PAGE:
The Titanic disaster spawned many myths and popular misconceptions in its time, and the film Titanic has done no less. This simple true-or-false guide should help clarify rumors and exaggerations.

The movie cost $285 million.

FALSE. The total cost is $200 million.

It is the most expensive film ever made.

TRUE, OR POSSIBLY FALSE.  But this is the fourth time in a row that I have made a film that (rightly or wrongly) has been called the most expensive film ever made. In any event, many of our favorite epics from the '30s, '40s and '50s would cost more than Titanic if made today.

The production went way over budget.

TRUE.  I hired the best, most experienced people in the film business to work with me on Titanic. The simple truth is that no one in any department (myself included) really understood the scale of this project going in. We were overwhelmed by the complexity of building a studio from scratch, including the world's largest tank facility, and simultaneously constructing one of the largest and most mechanically complex sets in history (imagine a 75-story building on its move it!). We were all seasoned big-budget veterans, yet none of us had ever experienced anything like Titanic--nor, I daresay, would we care to again.

The water was freezing.

TRUE.  Or at least it seemed like it. We froze our butts off. I remember spending many days up to my neck in what felt like ice water. And if there had been any other way to do it, believe me, we would have.

We worked long hours.

TRUE.  But no longer than the hours on any other big location film anywhere in the world. We did not, as reported, work 18-hour days. The majority of our shooting was exterior scenes filmed at night, so we clearly couldn't have.

The shooting went many months over schedule.

FALSE.  The planned shooting schedule was 138 days. The film was completed in 160 days, a 16% increase.

Many stunt people were seriously injured.

FALSE.  Titanic logged 6,029 stunt-man days, probably a movie-industry record (True Lies had 2,202). In all that time there were three injuries requiring hospital treatment: one broken ankle, one cracked rib, one cracked cheekbone--and in the latter two, the stunt players were back at work the next day.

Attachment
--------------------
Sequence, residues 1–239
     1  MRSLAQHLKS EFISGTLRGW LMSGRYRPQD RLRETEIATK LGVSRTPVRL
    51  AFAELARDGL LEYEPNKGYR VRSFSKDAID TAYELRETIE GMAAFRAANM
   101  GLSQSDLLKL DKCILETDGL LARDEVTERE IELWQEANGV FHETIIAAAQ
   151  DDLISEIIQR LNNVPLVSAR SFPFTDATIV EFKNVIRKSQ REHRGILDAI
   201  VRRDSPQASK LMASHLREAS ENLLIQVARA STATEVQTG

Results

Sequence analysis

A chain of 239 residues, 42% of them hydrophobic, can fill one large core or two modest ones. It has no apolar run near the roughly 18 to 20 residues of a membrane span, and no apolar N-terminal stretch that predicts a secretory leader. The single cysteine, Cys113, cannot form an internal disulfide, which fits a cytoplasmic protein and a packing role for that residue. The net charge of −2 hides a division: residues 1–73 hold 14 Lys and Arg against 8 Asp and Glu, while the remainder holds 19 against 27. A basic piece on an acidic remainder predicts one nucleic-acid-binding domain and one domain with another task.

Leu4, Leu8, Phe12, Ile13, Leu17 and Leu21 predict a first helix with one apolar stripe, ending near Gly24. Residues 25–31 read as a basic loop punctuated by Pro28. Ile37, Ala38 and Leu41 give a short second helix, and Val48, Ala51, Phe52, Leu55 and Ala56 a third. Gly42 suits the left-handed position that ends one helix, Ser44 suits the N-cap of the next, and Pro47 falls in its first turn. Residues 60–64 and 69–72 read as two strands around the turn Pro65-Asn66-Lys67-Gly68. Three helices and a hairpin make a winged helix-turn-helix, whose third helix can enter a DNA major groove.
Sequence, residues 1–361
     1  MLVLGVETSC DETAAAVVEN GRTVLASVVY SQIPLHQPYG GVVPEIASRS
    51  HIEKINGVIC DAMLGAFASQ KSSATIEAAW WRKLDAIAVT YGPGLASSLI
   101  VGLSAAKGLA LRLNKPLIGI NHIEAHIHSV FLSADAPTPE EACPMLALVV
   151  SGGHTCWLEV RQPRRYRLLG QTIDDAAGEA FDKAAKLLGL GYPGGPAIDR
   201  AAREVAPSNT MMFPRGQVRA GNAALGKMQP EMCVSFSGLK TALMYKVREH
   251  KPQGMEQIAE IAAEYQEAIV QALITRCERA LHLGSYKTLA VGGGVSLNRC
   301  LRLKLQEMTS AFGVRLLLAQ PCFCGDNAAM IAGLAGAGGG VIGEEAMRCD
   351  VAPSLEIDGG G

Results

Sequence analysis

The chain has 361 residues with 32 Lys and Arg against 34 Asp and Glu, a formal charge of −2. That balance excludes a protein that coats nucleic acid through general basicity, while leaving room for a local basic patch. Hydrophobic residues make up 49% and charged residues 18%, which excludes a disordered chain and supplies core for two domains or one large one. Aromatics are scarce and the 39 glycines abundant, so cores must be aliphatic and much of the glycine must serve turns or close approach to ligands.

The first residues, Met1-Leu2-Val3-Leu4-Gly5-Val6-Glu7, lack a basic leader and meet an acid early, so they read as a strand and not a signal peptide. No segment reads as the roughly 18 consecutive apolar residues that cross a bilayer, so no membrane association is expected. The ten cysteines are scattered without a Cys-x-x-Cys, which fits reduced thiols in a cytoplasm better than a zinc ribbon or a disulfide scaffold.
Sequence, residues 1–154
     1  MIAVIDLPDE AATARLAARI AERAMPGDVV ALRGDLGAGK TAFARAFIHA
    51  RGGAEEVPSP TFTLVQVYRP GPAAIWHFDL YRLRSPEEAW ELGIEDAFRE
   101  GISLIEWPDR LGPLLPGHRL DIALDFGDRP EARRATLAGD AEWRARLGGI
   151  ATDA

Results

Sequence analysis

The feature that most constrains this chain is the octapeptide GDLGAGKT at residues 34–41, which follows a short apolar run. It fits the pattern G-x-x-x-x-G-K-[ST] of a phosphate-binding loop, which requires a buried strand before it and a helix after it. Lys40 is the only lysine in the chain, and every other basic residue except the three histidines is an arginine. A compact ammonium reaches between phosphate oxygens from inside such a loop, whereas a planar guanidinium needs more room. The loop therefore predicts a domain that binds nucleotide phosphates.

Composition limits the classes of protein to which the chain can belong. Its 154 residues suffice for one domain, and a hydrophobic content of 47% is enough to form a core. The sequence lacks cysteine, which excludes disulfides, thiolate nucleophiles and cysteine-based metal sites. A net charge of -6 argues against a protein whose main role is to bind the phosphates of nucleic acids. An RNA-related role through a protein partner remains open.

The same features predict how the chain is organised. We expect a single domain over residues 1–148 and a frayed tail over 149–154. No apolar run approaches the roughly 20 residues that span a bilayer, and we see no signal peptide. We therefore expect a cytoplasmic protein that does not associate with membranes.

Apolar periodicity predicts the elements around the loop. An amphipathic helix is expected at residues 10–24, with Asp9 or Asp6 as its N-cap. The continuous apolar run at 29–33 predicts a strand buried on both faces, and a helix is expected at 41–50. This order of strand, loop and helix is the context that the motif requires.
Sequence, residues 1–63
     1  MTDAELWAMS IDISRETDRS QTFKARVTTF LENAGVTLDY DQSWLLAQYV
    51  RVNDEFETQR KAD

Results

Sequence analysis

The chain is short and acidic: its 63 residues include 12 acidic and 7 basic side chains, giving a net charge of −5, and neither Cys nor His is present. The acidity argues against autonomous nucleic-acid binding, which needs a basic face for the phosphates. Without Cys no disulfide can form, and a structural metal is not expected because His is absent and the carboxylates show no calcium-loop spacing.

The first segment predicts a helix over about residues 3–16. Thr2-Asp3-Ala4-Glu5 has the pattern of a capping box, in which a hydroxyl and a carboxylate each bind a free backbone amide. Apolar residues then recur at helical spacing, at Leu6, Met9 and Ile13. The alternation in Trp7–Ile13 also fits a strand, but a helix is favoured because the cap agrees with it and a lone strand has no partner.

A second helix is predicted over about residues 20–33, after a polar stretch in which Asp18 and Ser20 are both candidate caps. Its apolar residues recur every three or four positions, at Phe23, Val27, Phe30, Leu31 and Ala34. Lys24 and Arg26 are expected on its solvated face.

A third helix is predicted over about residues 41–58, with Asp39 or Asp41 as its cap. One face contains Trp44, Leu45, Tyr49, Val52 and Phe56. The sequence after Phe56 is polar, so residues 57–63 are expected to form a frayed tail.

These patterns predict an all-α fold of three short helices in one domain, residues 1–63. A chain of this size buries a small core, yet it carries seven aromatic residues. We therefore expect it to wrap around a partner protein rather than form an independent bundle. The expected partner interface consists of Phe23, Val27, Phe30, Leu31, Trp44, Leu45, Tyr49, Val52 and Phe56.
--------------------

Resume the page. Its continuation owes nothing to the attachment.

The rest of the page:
Set conditions were unsafe.

FALSE.  As a result of unfounded rumors of unsafe conditions, the Screen Actors Guild investigated the production thoroughly and observed our working methods. They concluded that "the producers have taken extraordinary measures to ensure the health and safety of the cast and crew," and that we had "set a new standard." In fact, during the entire production, there were no on-set injuries requiring hospital treatment among actors or extras.

I am a "screamer."

FALSE.  A yeller, maybe. Working with hundreds of extras day after day for months makes yelling a way of life. Almost never was there anger in it. In the darkest depths of the shoot, when responsibility for the budget overruns was a crushing burden, I was prone to some frustrated outbursts. I think I'm a good director, but I never claimed to have the best personality for directing. It brings out the worst in me, and it's the aspect of the work I hate the most. It should be noted that I am never negative with the actors, absolutely and religiously. In many ways they have the most difficult job on the set, and I make it my mission to be supportive and collaborative.

The extras worked in hellish conditions.

FALSE.  Our extras worked hard and put tremendous heart into their performances. They became a community, with a high sense of purpose and camaraderie. They were well fed, had more than ample sanitary facilities (in fact, we all used the same ones) and were provided with large Jacuzzis for warming up between scenes during water work. Reports of mistreatment are bogus.

Titanic is a disaster movie.

FALSE.  It is a love story. But don't worry--the ship does sink.

Titanic is an attempt by a very large number of people to do something extraordinary. It was never a "no brainer" piece of pop entertainment. Unlike most of the other big productions of the year, it is neither a sequel nor the launching point of a series of sequels. It is not based on a comic book. It was not designed to spawn a vast array of toys, merchandising, video games and theme-park attractions. It is an earnest and heartfelt work. But the same voices that decry the formulaic commercialism of mainstream Hollywood product do not seem to applaud the studio heads who had the courage to back this unusual film.

Yes, Titanic is an easy target, by the nature of the subject itself, that great monument to the folly of arrogant confidence. But believe me, I have never felt arrogance or certainty on this project. Quite the opposite. It has been a nerve-racking, terrifying ride. The budget overages threatened to consume our very sanity; the scope of the thing was overwhelming. But something kept us going--the studio heads, myself, the crew. We knew we had a chance to do something special, and those chances don't come along often.

Digitally clipped by rev.cmdr.taro (KCS, FScD) on 1997 December 02nd.

The above originally appeared here as part of the Time-Warner mediaHydra.